The midsole is made of that sweet sweet energy-returning, lightweight React foam. Nike spreads the midsole out wider in every direction (except for the midfoot) to give the runner a stable base. Pair the wider outsole with a rocker shape, put it all together, and you have a shoe that reportedly will keep runners on the road by eliminating shoe-related injuries.

React shoes feel fresh with tons of miles on them; as far as foams go, React retains a bouncy soft feel longer than any other foam we have reviewed. The Epic React had hardly any rubber on the outsole, and aside from minor wear and tear, we had runners reporting well over 500 miles in the shoe (like Robbe). So with the almost full-coverage rubber on the outsole of the React Infinity, I don’t imagine anyone will be complaining about the durability of these trainers.

Although I would not call the React Infinity a fast day shoe, I did have a good 10-mile run that ended up being a tempo effort run. Ideal use for the Infinity is as a daily trainer, lots of easy miles in comfort. She falls into the midweight zone for daily runners at 10.6 oz./301 grams for a size 10.5, but in the lightweight range for stability shoes.

The weight is around the same as the New Balance 1080 v10 and the ASICS GEL-Nimbus Lite. All these shoes have a similar ride and feel. If you asked me which you should get, I’ll ask you which brand you like better, that’s how similar these models are. I love running in this type of shoe for the majority of my miles.

 

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ROBBE: The last two Epic Reacts were some of my all-time favorite shoes, so I was excited for the Infinity React. Let’s talk looks— surprise, Nike made a beautiful shoe (although I wish the men’s version had the same pink stability clip as the women’s).

While this shoe weighs about 20% more than the Epic React, it really isn’t felt on the run. Granted, I’m finally recovering from a year-long injury, so my miles were relegated to easy miles in the 4-7 range. In any case, the shoe provides a nice, comfortable ride, and I feel the weight is entirely appropriate for what the shoe is meant to do.

I love React foam, it’s bouncy and responsive and is just the right firmness for me. The React Infinity has more of it than the Epic React, so it is softer, but not mushy in the way that I found the Pegasus Turbo 2 to be. I really enjoyed this shoe for my easy efforts, and my legs felt great post-run.

While I loved the nimble feel of the Epic Reacts, I definitely rolled my ankle more than once in them. So the wide base of the React Infinity is appreciated, but be forewarned, it is wide. Probably a little too much for my personal liking. The React Infinity no doubt provides that extra security you won’t find in the Epic React, or even the Odyssey React, for that matter.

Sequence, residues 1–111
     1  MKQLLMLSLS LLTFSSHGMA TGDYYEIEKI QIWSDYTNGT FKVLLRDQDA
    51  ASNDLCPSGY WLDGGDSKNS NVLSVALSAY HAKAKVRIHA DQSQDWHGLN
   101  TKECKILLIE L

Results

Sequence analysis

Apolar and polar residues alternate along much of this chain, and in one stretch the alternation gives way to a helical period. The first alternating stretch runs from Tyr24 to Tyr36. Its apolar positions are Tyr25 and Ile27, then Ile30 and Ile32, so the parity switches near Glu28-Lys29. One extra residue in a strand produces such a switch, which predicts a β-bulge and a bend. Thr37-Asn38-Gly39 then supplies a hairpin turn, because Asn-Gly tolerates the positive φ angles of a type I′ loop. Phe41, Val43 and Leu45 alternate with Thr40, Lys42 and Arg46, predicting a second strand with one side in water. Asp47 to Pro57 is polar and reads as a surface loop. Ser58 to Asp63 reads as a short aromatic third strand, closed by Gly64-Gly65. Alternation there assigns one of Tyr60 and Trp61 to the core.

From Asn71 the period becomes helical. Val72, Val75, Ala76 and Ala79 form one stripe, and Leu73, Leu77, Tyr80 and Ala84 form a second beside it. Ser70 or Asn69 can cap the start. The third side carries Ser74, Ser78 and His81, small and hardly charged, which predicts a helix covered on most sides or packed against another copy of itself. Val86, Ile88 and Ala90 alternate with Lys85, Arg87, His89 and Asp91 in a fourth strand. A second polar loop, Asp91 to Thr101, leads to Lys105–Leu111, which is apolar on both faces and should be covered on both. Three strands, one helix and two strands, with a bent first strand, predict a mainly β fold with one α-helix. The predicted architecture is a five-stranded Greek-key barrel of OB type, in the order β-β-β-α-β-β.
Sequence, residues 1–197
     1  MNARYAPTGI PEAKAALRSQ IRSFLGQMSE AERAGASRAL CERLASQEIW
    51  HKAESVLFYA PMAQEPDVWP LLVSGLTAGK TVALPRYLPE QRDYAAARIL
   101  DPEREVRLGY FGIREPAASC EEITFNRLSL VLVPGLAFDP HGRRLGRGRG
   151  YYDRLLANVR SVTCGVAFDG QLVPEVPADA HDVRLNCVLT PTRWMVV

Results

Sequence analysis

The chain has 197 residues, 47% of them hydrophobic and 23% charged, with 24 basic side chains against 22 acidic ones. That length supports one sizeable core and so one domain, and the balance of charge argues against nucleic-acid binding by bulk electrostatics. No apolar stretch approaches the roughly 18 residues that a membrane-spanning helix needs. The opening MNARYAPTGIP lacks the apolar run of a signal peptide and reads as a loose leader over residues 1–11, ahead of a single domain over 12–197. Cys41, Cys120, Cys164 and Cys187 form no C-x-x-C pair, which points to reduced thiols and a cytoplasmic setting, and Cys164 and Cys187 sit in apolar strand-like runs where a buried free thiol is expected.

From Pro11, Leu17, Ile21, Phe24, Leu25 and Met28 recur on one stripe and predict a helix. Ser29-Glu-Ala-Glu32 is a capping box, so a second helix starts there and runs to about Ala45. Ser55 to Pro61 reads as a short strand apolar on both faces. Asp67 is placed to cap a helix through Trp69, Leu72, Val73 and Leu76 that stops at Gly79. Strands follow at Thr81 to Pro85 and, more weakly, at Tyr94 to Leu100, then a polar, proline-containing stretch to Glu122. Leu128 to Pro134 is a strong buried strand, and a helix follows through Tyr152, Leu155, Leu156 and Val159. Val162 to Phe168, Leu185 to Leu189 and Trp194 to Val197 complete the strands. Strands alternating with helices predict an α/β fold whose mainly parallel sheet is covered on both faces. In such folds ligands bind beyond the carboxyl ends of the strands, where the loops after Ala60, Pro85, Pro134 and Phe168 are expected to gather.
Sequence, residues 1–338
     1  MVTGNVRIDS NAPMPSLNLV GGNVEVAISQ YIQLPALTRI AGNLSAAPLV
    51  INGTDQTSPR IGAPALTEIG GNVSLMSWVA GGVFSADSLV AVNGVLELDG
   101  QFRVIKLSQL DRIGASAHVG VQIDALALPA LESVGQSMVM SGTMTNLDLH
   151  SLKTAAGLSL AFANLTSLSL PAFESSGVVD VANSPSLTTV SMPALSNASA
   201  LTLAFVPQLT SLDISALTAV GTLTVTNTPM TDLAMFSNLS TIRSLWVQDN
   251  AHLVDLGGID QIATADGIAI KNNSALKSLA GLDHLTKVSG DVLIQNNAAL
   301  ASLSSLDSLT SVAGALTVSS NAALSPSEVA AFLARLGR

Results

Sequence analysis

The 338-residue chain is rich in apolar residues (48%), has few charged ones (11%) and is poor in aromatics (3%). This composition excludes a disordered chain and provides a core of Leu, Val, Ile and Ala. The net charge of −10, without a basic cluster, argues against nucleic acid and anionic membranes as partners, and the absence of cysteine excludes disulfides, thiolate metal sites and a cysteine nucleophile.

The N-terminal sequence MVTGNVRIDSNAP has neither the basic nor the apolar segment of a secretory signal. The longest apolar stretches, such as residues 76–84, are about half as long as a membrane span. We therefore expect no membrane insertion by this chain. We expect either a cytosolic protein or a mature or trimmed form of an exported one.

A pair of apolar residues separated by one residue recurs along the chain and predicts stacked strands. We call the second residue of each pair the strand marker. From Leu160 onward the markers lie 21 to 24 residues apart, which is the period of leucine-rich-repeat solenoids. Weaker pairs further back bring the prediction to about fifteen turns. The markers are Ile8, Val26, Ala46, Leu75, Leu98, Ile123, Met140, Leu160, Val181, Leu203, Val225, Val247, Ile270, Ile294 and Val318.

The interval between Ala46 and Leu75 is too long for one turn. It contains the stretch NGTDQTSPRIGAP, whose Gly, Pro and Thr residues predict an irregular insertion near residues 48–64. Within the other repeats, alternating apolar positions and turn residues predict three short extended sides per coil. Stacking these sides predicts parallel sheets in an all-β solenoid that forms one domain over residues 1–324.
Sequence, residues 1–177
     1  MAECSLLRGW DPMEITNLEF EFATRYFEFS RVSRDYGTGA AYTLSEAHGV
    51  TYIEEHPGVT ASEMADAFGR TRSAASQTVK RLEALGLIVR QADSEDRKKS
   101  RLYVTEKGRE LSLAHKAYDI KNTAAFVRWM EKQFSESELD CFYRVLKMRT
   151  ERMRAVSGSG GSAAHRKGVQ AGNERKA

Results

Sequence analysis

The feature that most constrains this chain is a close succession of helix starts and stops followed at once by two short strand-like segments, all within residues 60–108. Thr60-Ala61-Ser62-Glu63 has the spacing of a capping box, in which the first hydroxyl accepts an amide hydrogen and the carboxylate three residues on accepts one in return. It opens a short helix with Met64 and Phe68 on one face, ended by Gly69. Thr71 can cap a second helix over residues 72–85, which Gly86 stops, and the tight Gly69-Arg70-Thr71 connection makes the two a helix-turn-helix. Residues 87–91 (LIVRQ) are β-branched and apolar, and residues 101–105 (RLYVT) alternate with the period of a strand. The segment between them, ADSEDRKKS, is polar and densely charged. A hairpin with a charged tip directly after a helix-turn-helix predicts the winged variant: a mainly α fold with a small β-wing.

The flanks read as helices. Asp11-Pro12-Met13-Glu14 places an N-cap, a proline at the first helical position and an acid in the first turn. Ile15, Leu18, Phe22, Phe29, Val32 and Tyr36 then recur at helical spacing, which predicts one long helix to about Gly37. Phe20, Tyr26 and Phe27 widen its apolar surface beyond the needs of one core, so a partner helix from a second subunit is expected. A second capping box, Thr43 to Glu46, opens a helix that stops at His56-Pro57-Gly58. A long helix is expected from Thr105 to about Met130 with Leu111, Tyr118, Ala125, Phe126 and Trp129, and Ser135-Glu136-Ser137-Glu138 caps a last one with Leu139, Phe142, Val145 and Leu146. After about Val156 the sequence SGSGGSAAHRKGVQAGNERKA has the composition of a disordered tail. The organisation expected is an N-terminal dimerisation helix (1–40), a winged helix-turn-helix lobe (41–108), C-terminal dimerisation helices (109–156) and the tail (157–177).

MEAGHAN: The guys covered A LOT. So, I’ll keep my comments relatively short. I agree with Jeremy that the traction on these shoes is pretty great. Ever since I ate $h*t running around the harbor in my Vaporflys a few weeks ago, I’ve turned into a big sissy and avoid any and all potential slippery terrain. These shoes have helped me get over that fear, a little.

The shoes are comfortable and fit true to size. I really like the wide outsole and overall secure feeling these shoes provide.

Shop Nike React Infinity

 

Nike React Infinity outsole

 

The Bad

JEREMY: I honestly don’t have many complaints about this shoe. My only comments would be that I would not recommend them for longer runs or fast runs as the weight (11.4 ounces in men’s size 11.5) and design (bottom-heavy and wide) is not conducive to either of these. Since these are advertised as every day/easy day shoes that isn’t really a fault, but rather just a warning that the weight and width of the shoe become more apparent in these situations as a negative.

THOMAS: Heel lift and a sloppy ankle collar. C’mon Nike, this is 101 stuff. The heel lift isn’t extreme but the sloppiness in the back of the Infinity is the difference between goodness and greatness. The rigid “U” shaped clip might be the blame, there is no place to flex other than in the toes. This makes the shoe counter lever and drop the heel. I tried thicker socks to remedy the situation, it helped, but it did not cure it.

ROBBE: First off, I’m literally crying that the Epic React is retired. My bank account will also be weeping after I snatch up any remaining pairs out there. Such a sweet and simple shoe that was there for me every time I needed it over the last two years.

Part of the stability is a mound under the inner arch of the foot. It is very weird at first, but after 10-15 miles it basically molds to your foot so it’s not as obtrusive. I actually ended up kind of liking it, but I put this in the bad because it’s a bit jarring at the outset.

As Thomas said, there is some heel slippage, especially with thinner socks. I’ve seen some people say they went down a half-size, but it wasn’t an option for me. My toes are already less than a thumb width from the front in this sizing (which is the size I’ve worn in every Nike ever). I also felt there was too much room in general in the forefoot, on account of the extra-wide last of the shoe. Also, like Thomas said, the heel collar gets a little largemouth bass-like, which I never had a problem with in the Epic Reacts. In general, I just could not get a good lockdown, and there isn’t much room for variation with Nike’s rigid lacing structure.